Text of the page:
UCB races to regulators after $2.5B rare disease bet delivers data for attack on AstraZeneca and argenx

UCB’s $2.5 billion gamble on Ra Pharmaceuticals has yielded positive phase 3 data. With the rare disease clinical trial hitting its primary endpoint, UCB is preparing to file to join AstraZeneca and argenx in an increasingly congested space.

The drug candidate, complement factor C5 inhibitor zilucoplan, traded hands in 2019 when UCB agreed to buy Ra in a $2.5 billion deal. By that time, zilucoplan was already in phase 3, setting up a wait to learn whether UCB’s bet would pay off or blow up in its face. Today, UCB took a step toward delivering a return on its investment in the treatment for the chronic autoimmune, neuromuscular disease myasthenia gravis.

UCB is yet to share the detailed data that will indicate whether zilucoplan is competitive, but the top-line update suggests it has a shot at winning approval. The placebo-controlled study of 174 patients linked the drug to a statistically significant improvement on a symptom score at Week 12.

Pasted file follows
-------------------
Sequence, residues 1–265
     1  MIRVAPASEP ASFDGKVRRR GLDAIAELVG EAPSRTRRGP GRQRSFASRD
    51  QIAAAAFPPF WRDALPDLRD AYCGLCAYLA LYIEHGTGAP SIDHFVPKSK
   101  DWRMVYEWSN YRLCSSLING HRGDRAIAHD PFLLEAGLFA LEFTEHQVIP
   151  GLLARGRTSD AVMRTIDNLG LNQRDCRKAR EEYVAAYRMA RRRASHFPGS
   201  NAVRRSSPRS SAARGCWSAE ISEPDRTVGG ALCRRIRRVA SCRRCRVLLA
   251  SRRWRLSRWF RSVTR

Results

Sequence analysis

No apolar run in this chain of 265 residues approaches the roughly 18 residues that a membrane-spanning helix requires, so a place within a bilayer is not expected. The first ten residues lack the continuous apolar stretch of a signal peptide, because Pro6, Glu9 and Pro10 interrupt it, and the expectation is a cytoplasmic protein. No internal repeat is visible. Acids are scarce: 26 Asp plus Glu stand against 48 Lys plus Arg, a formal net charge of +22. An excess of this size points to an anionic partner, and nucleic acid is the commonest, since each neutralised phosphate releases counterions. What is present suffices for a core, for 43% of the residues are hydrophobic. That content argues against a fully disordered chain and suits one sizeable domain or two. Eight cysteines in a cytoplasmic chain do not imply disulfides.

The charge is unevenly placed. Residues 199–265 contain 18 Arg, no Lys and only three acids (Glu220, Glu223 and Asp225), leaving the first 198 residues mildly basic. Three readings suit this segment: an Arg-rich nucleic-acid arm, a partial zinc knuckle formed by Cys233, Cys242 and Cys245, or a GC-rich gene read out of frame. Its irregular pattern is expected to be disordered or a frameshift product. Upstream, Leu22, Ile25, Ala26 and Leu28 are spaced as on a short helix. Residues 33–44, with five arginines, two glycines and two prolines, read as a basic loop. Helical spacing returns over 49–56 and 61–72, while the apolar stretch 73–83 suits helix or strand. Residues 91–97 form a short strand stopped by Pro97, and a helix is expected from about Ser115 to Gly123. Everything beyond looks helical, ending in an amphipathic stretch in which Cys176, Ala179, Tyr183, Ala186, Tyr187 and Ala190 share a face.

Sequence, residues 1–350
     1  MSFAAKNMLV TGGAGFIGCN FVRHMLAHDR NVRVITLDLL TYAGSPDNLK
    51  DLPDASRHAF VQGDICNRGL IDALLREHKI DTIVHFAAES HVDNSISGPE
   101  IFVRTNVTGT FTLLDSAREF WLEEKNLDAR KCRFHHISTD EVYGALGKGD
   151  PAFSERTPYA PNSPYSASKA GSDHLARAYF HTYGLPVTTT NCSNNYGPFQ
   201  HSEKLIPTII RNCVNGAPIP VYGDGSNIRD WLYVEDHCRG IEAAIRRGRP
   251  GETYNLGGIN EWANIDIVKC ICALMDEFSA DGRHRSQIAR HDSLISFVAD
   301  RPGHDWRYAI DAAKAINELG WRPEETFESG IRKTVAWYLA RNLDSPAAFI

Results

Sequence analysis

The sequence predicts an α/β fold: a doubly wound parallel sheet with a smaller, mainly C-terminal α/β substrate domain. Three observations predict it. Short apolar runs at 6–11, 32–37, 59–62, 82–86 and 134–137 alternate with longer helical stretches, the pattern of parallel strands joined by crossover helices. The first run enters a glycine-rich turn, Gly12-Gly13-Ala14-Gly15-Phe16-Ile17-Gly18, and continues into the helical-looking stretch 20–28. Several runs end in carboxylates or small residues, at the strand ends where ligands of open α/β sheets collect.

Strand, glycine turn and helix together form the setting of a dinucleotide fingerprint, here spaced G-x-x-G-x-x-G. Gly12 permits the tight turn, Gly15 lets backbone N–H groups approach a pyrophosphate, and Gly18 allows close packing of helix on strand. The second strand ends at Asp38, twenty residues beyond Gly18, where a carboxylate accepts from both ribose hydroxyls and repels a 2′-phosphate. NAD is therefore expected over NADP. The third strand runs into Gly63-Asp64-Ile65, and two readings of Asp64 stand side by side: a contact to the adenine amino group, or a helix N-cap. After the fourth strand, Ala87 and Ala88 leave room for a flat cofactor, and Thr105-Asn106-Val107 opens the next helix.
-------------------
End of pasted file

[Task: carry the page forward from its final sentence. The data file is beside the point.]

That primary endpoint hit was backed up by successes against all key secondary endpoints, which looked at a set of other ways of grading the condition of patients with generalized myasthenia gravis. With the safety data free from red flags—and showing similar rates of serious treatment emergent adverse events in the treatment and control groups—UCB thinks it has the data to support filings for approval. 

RELATED: UCB strikes $2.5B deal to buy Ra for rival to Alexion's Soliris

UCB plans to proceed with regulatory submissions later this year. The U.S., the EU and Japan are on the hit list of the team handling the regulatory approval process for the complement factor C5 inhibitor. 

Zilucoplan is part of a pack of molecules targeting generalized myasthenia gravis. Alexion, now part of AstraZeneca, won approval for Soliris in the indication in 2017 and is closing in on approval of follow-on asset Ultomiris. Argenx won FDA approval for its challenger, Vyvgart, late last year, and other assets are coming up close behind. 

UCB’s own rozanolixizumab has already delivered positive phase 3 data, and, last year, Johnson & Johnson began a phase 3 clinical trial of nipocalimab, the anti-FcRn antibody it acquired in its $6.5 billion takeover of Momenta Pharmaceuticals.